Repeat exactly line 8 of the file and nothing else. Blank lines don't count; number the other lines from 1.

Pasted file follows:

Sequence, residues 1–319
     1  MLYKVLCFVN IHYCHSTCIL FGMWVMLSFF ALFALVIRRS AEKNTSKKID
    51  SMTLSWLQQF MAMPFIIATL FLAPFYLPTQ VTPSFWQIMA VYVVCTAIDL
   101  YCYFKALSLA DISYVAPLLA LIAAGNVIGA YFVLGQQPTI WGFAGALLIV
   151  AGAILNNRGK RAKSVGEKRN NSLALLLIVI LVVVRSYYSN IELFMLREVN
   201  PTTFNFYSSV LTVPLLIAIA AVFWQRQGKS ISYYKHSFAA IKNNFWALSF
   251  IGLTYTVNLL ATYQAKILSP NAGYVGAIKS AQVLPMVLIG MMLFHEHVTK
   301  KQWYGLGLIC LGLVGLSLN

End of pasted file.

   301  KQWYGLGLIC LGLVGLSLN